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Henry Clay: The Man Who Would Be President

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Charismatic, charming, and one of the best orators of his era, Henry Clay seemed to have it all. He offered a comprehensive plan of change for America, and he directed national affairs as Speaker of the House, as Secretary of State to John Quincy Adams--the man he put in office--and as acknowledged leader of the Whig party. As the broker of the Missouri Compromise and the Charismatic, charming, and one of the best orators of his era, Henry Clay seemed to have it all. He offered a comprehensive plan of change for America, and he directed national affairs as Speaker of the House, as Secretary of State to John Quincy Adams--the man he put in office--and as acknowledged leader of the Whig party. As the broker of the Missouri Compromise and the Compromise of 1850, Henry Clay fought to keep a young nation united when westward expansion and slavery threatened to tear it apart. Yet, despite his talent and achievements, Henry Clay never became president. Three times he received Electoral College votes, twice more he sought his party's nomination, yet each time he was defeated. Alongside fellow senatorial greats Daniel Webster and John C. Calhoun, Clay was in the mix almost every moment from 1824 to 1848. Given his prominence, perhaps the years should be termed not the Jacksonian Era but rather the Age of Clay. James C. Klotter uses new research and offers a more focused, nuanced explanation of Clay's programs and politics in order to answer to the question of why the man they called "The Great Rejected" never won the presidency but did win the accolades of history. Klotter's fresh outlook reveals that the best monument to Henry Clay is the fact that the United States remains one country, one nation, one example of a successful democracy, still working, still changing, still reflecting his spirit. The appeal of Henry Clay and his emphasis on compromise still resonate in a society seeking less partisanship and more efforts at conciliation.


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Charismatic, charming, and one of the best orators of his era, Henry Clay seemed to have it all. He offered a comprehensive plan of change for America, and he directed national affairs as Speaker of the House, as Secretary of State to John Quincy Adams--the man he put in office--and as acknowledged leader of the Whig party. As the broker of the Missouri Compromise and the Charismatic, charming, and one of the best orators of his era, Henry Clay seemed to have it all. He offered a comprehensive plan of change for America, and he directed national affairs as Speaker of the House, as Secretary of State to John Quincy Adams--the man he put in office--and as acknowledged leader of the Whig party. As the broker of the Missouri Compromise and the Compromise of 1850, Henry Clay fought to keep a young nation united when westward expansion and slavery threatened to tear it apart. Yet, despite his talent and achievements, Henry Clay never became president. Three times he received Electoral College votes, twice more he sought his party's nomination, yet each time he was defeated. Alongside fellow senatorial greats Daniel Webster and John C. Calhoun, Clay was in the mix almost every moment from 1824 to 1848. Given his prominence, perhaps the years should be termed not the Jacksonian Era but rather the Age of Clay. James C. Klotter uses new research and offers a more focused, nuanced explanation of Clay's programs and politics in order to answer to the question of why the man they called "The Great Rejected" never won the presidency but did win the accolades of history. Klotter's fresh outlook reveals that the best monument to Henry Clay is the fact that the United States remains one country, one nation, one example of a successful democracy, still working, still changing, still reflecting his spirit. The appeal of Henry Clay and his emphasis on compromise still resonate in a society seeking less partisanship and more efforts at conciliation.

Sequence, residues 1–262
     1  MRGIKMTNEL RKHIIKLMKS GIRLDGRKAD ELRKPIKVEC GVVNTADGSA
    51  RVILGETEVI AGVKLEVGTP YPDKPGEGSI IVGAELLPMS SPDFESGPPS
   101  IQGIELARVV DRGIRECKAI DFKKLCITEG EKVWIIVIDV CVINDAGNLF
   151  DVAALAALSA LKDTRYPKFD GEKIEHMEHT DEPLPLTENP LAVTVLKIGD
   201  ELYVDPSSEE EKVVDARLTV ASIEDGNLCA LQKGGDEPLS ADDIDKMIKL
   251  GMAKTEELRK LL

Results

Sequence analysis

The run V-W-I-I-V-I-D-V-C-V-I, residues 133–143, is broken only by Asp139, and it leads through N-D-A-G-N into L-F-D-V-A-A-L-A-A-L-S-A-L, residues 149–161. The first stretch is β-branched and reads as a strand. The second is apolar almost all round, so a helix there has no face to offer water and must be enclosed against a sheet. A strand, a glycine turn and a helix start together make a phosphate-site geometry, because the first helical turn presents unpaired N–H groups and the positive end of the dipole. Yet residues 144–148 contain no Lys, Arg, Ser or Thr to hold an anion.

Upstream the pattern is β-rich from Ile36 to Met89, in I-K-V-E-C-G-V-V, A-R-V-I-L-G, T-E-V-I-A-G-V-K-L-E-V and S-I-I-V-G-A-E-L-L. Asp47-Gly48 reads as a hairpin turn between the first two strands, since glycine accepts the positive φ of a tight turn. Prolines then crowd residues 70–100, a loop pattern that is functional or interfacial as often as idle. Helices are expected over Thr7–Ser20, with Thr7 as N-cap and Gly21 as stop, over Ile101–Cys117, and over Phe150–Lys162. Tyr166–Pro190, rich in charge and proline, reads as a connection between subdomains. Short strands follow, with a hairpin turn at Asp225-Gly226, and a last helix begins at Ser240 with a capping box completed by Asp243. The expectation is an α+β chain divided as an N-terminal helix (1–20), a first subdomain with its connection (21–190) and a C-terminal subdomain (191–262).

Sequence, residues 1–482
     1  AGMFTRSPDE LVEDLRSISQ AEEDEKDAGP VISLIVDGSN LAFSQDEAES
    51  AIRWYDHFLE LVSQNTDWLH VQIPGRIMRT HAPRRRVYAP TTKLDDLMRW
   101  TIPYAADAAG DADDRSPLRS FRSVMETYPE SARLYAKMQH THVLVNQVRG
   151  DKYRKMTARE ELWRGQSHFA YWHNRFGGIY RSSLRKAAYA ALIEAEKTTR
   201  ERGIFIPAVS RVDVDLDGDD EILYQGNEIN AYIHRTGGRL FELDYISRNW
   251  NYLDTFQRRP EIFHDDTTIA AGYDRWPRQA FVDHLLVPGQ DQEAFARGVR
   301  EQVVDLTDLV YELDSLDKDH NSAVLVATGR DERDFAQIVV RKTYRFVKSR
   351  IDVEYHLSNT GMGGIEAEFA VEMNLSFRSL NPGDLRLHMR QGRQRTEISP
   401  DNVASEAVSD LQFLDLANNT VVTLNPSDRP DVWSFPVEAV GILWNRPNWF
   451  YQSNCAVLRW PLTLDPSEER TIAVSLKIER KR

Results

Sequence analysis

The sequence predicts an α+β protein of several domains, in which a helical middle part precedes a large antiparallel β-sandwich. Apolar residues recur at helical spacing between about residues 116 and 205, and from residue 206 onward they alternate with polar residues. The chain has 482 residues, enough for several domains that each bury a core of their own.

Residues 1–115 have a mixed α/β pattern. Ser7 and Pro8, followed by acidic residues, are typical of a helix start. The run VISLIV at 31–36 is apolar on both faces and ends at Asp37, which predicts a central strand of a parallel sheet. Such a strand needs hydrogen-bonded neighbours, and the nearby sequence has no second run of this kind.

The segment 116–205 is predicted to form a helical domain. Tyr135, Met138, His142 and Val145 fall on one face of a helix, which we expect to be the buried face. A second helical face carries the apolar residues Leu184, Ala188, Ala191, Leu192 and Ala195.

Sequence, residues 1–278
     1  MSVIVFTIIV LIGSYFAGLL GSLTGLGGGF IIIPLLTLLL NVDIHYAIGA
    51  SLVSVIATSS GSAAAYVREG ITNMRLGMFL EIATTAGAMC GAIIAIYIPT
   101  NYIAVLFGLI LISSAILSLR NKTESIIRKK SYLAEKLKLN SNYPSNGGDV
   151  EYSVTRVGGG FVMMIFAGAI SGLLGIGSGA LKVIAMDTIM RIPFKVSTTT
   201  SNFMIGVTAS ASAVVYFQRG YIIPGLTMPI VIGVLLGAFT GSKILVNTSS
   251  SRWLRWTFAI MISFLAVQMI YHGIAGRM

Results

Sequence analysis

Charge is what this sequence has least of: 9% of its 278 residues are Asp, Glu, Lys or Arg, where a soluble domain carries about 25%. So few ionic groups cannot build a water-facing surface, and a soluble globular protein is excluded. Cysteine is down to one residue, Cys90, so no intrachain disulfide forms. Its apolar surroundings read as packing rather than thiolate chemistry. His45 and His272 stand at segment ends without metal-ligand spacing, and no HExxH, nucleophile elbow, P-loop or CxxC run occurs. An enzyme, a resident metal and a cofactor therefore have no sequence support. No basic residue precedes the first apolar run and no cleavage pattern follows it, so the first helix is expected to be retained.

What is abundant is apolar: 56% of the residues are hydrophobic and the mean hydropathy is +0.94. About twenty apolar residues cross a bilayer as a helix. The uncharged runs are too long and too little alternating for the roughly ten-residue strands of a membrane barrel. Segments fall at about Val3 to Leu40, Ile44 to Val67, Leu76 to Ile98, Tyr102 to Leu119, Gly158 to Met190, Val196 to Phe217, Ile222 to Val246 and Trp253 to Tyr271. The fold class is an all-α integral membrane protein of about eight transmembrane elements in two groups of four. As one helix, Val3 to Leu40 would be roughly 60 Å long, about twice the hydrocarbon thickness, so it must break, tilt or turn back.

35 review for Henry Clay: The Man Who Would Be President

  1. 5 out of 5

    James

    This presents a very well-known figure in an entirely different light. It is not exactly a cradle to grave biography, though there are heaps of that kind of info, but more of a political biography, on a case-by-case basis of one of the best known American politicians to run for president and never succeed.

  2. 5 out of 5

    David Bales

    Few Americans in history had more impact on events than Henry Clay did. From his first speech in favor of Kentucky's constitution in 1799 until his death in 1852, Clay's public career was dramatic, outspoken, principled and often courageous. It was also full of disappointment. Although he was variously a member of the Kentucky legislature, Congressman, Speaker of the House, Secretary of State and a U.S. Senator for nearly 50 years, his one great dream was to be president. He ran five times never Few Americans in history had more impact on events than Henry Clay did. From his first speech in favor of Kentucky's constitution in 1799 until his death in 1852, Clay's public career was dramatic, outspoken, principled and often courageous. It was also full of disappointment. Although he was variously a member of the Kentucky legislature, Congressman, Speaker of the House, Secretary of State and a U.S. Senator for nearly 50 years, his one great dream was to be president. He ran five times never fulfilled that goal. He watched as obscure men with little track records in politics rose to the the highest office while he was stymied in his quest. Klotter explores not only the events up to 1852 but the reasons why Clay never was president and yet is still worth remembering.

  3. 4 out of 5

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